[Baypiggies] Synchronized in Python

Shannon -jj Behrens jjinux at gmail.com
Mon Dec 3 11:10:21 CET 2007

On Nov 25, 2007 8:47 AM, Aahz <aahz at pythoncraft.com> wrote:
> On Sun, Nov 11, 2007, Monte Davidoff wrote:
> >
> > Stephen McInerney and I were talking after the last BayPIGgies meeting
> > (Concurrency in Python) and thought it might be of help to post how to
> > get the effect of the Java synchronized keyword in Python.  (I arrived a
> > little late, so perhaps this was mentioned before I got there.)  This
> > post is meant as a quick example, so the explanation is brief and I hope
> > not too confusing.  In Java, the synchronized keyword ensures that only
> > one thread is executing a method or block at a time.
> Generally speaking, my recommendation is that you ensure that only one
> thread has access to an object at any time.  It's much simpler.  Just use
> a queue to pass objects between threads.  You can find examples in my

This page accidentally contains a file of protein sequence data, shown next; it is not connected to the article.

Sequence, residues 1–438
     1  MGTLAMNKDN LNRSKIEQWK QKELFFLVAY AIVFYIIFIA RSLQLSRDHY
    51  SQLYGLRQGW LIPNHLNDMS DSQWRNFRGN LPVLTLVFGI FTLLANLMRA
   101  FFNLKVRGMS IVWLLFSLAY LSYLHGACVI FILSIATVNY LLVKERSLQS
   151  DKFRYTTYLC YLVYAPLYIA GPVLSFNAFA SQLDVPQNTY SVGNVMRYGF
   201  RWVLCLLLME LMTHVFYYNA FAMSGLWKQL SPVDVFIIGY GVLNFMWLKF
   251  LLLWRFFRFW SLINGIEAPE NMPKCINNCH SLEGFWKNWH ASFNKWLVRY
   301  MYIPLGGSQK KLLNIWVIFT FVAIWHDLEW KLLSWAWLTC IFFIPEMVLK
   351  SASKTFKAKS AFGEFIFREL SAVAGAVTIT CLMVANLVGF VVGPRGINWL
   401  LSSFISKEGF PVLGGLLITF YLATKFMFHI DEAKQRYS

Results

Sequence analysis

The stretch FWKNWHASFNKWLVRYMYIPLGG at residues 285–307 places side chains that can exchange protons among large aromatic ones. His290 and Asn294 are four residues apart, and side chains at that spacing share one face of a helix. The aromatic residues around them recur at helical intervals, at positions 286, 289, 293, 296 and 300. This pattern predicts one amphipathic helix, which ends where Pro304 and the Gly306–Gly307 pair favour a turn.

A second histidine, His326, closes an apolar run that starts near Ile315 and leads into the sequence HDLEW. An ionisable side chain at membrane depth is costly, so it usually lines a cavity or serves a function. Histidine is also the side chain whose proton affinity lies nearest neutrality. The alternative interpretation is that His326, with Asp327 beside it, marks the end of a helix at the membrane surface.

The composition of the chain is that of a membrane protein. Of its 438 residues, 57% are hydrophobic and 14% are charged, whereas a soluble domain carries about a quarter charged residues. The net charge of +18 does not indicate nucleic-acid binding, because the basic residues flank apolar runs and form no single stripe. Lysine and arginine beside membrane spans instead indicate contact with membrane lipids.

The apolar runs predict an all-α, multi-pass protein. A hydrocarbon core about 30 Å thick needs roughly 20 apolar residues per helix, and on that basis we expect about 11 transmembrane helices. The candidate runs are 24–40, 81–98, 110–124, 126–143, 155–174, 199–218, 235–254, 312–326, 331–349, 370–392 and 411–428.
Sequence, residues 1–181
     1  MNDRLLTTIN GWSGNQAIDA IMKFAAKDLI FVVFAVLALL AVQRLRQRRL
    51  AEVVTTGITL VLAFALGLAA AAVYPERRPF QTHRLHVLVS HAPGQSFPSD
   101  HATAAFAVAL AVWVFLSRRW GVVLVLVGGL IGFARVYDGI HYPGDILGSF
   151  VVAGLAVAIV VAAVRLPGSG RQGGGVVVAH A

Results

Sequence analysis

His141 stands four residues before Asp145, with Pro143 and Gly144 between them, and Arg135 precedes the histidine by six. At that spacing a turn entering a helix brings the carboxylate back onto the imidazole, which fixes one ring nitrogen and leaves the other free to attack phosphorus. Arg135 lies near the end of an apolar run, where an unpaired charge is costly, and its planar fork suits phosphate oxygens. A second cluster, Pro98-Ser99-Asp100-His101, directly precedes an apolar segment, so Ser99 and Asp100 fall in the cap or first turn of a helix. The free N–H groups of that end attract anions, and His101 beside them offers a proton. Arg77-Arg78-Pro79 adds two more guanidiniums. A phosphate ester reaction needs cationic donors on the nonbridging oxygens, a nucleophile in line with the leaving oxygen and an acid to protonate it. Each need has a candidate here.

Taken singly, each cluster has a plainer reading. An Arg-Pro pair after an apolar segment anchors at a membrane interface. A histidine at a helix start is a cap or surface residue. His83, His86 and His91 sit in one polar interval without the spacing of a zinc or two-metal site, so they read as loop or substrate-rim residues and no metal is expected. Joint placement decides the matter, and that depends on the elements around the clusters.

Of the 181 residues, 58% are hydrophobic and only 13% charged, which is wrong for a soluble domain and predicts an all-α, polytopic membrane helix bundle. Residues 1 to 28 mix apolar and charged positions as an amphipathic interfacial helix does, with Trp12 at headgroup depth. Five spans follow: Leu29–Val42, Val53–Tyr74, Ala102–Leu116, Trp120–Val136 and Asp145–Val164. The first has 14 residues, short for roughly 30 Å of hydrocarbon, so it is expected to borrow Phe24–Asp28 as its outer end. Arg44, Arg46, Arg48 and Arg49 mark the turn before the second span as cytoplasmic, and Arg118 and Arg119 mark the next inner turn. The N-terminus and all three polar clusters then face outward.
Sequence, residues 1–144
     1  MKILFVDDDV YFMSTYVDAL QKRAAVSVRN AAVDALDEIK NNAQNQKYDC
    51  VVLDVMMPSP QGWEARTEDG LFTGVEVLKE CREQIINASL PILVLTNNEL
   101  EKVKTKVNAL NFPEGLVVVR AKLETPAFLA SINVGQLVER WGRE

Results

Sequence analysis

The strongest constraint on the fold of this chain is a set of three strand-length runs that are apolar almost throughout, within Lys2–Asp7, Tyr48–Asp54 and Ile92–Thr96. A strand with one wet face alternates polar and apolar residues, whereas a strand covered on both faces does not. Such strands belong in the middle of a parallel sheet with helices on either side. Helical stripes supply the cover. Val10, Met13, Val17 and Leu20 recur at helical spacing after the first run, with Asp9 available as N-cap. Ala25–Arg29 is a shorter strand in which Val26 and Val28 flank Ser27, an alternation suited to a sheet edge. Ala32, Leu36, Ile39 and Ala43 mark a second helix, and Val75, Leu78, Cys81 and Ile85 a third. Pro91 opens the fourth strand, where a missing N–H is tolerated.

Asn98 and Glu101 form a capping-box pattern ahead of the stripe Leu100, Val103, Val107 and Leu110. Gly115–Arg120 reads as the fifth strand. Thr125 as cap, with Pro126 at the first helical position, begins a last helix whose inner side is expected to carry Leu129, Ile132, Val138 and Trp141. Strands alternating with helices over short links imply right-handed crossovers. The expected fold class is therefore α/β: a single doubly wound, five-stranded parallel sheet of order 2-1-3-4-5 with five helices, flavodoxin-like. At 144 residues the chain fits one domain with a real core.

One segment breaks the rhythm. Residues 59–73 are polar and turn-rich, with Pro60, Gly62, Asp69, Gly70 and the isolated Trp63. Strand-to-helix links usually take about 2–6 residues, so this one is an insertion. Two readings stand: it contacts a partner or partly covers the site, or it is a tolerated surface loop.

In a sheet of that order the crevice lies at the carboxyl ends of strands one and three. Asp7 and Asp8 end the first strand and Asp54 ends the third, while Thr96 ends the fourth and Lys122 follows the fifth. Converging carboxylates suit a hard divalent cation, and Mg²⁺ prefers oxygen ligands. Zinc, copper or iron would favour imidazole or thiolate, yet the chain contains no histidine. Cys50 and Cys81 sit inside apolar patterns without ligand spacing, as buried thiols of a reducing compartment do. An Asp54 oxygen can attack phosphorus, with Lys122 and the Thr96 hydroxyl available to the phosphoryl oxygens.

> thread tutorial slides.

I agree.  That's my favorite approach as well.

/me giggles:
I also like passing function references via the queue as well.  It's
like, "Here, call this function, but call it on your thread." ;)

> Another heavy-weight option is to allow only one thread at a time to
> access attributes or methods within a class.  I don't have example code
> handy, but you override __getattribute__ to do the locking, roughly the
> same way that Monte describes for individual sections.  It gets a bit
> tricky with methods, and I think you may need to use a metaclass to get
> it right.  (IOW, I recommend against this approach, but I mention it in
> case someone finds it useful.)

In the past, I've found it helpful to do assertions on the thread name
to make sure that certain methods only ever get called from what I
think is the right thread.  Just an idea.

Happy Hacking!

I, for one, welcome our new Facebook overlords!

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